When advanced cancer was diagnosed this year, the family learned Domenic had only weeks left. He died aged 81. His funeral mass was held at the town centre St Pancras Catholic Church in Orwell Place.
As well as Diane and his children, he left grandchildren Mario, Nina, Mirko, Fabio, Diana and Mia.
"We put his hairdressing scissors and his comb in his pocket, in case anybody up there wanted their hair done," says his wife.
The beautiful game
The memories we leave are our legacy. Domenic left many.
An early one from Diane: "My mother filled the pantry up. My brother and Domenic went in there one Sunday night and ate the lot!"
She says of her husband: "He was a very caring person. So generous. He didn't expect me to be his 'slave'. He'd help cook. He'd want to be left to it - 'get out of my kitchen!'"
When the family visited Italy, they'd hire a minibus and stop en route in countries such as France, Belgium, Germany, Austria and Switzerland during the three-day journey.
"They're memories that stay with you for life," says Lucia. "I remember the Great St Bernard Pass (connecting Switzerland and Italy). Everything looks so big when you're a kid."
Domenic loved football - and got very animated and voluble about it. "Some people used to come round just to watch dad watch the football!" says Lucia.
Not surprisingly, the Italian national team was the main focus of his passion. Granddaughter Diana recalls: "When they won the World Cup in 2006, Mum and I were living there and he'd tell us to bring back all the posters."
Domenic also supported Ipswich Town, though Saturday working limited the number of matches he could attend. He was, though, at Wembley for one of the Blues' greatest triumphs. Diane remembers a crowd crammed into the first-floor salon, watching from their vantage point, when the team enjoyed a victory parade through the town in 1978 with the FA Cup.
Later - just before Christmas, 1995 - the Anglo-Italian Cup competition brought Salerno club Salernitana to Portman Road. (A 2-0 triumph for the Blues - on a day of divided loyalties?)
Domenic's involvement with the beautiful game wasn't confined to spectating. For a time, he pulled on a tracksuit and coached the Sunday League side Italia, whose home ground was off Lovetofts Drive, Ipswich.
"He loved it when all the family sat round the table to eat. It gave him pleasure," says Diane. "You see adverts showing families around the table in Italy, and it is true."
Granddaughter Diana: "When many people think about Granddad, they think about coming round for dinner. When you lived in Evabrook Close, there would be street parties." For occasions such as the Queen's silver jubilee.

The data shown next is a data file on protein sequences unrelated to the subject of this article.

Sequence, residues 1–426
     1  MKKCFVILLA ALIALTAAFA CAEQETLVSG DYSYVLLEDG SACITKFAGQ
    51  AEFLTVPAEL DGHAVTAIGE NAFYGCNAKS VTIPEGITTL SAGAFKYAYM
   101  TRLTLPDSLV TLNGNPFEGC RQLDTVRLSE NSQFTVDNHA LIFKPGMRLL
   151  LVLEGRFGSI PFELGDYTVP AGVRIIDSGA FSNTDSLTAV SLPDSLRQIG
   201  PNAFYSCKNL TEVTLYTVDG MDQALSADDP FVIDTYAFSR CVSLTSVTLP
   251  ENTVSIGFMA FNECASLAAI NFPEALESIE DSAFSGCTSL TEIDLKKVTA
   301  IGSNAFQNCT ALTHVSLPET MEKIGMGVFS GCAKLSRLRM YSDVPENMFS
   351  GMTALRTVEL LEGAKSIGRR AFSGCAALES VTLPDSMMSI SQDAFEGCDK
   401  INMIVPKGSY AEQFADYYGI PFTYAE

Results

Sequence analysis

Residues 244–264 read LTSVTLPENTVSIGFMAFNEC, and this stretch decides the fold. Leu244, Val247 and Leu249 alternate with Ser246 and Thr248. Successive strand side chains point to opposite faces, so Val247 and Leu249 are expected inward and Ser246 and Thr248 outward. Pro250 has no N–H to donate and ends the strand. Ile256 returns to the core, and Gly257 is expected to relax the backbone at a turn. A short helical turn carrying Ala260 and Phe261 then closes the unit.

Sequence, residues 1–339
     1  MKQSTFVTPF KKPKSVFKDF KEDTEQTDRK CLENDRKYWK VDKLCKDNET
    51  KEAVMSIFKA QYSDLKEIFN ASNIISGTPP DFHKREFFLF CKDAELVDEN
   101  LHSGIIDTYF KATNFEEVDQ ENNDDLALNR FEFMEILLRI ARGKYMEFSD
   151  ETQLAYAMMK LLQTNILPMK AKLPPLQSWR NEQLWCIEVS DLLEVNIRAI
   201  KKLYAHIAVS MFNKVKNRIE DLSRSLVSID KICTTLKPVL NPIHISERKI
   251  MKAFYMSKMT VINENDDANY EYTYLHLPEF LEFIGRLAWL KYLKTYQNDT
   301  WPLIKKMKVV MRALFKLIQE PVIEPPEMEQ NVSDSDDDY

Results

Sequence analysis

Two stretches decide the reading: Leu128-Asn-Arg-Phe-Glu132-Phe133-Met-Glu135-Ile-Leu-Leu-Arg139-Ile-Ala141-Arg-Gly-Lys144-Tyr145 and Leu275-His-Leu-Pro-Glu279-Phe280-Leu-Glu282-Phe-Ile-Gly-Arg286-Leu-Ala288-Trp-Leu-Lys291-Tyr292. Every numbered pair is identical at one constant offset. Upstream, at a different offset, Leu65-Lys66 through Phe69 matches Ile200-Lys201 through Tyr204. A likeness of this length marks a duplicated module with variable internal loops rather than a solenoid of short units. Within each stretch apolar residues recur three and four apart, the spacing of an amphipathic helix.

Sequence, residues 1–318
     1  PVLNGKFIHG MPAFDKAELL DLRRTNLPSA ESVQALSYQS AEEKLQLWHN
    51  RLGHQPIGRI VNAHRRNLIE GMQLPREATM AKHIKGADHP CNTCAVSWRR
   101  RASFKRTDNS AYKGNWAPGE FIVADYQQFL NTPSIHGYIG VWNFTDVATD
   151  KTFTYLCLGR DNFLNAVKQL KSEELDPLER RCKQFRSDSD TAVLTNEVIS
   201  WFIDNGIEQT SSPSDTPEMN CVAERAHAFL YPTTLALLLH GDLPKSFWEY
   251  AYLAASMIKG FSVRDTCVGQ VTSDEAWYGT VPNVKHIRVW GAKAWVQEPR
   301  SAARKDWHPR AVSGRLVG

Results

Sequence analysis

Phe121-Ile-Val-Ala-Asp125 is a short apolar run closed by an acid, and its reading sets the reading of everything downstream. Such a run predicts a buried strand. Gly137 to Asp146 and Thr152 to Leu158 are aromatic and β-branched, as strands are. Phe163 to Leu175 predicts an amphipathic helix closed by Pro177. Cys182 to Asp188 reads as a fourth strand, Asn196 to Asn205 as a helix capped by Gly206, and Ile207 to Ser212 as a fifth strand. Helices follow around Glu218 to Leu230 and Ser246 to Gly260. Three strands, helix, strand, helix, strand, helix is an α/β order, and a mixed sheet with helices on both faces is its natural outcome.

Domenic was community-minded, generous and hospitable - here and in terms of his homeland. When southern Italy was hit by its most forceful earthquake in 70 years, late in 1980, he helped organise relief support in Ipswich. The quake, measured at between 6.5 and 6.8 on the Richter scale, killed almost 2,500 people, injured nearly 8,000 and made about 250,000 homeless.
Lost in translation
Domenic was well-known for his inability to grasp English euphemisms and expressions.
Once, a client came to the salon in tears, and confided she had lost her mother. Domenic began comforting her, and said she couldn't have gone far. He'd help search.
It took an apprentice hairdresser to explain that the mother had not simply wandered off in Ipswich town centre but had died.
He could also be a bit clumsy and over-ambitious.
Once, he sought to recapture his youth by riding a motor-scooter. Everything was going swimmingly until he opened the throttle, shot across the road and smashed into a brick wall.
In the hospital accident and emergency department, hours later, he explained he'd been showing everyone how a genuine Italian rode a Lambretta…
Life as the child of a hairdresser could be interesting.
"My hair was always short," says Lucia. "With anyone who came for a trial, to work with dad, me or my sister had to sit there and they'd experiment on our hair! This is the first time I've had long hair!"
Diana says: "He's always been supportive. We used to live in Italy. When my brother moved over here, he (granddad) used to get him up at five o'clock in the morning, to find him a job straightaway. And he used to take me to football training, and watch me play."
The family says Domenic had a fantastic sense of humour. "We used to play practical jokes," says Lucia. "He liked his espresso coffee and the boys would put out soy sauce in a tiny espresso cup. He used to go mad! 'What have you done!' But he was a good sport.
"We blacked his glasses out, one day, to pretend it was bedtime, too! We were lucky to have had such a lovely dad. He taught us a lot in life."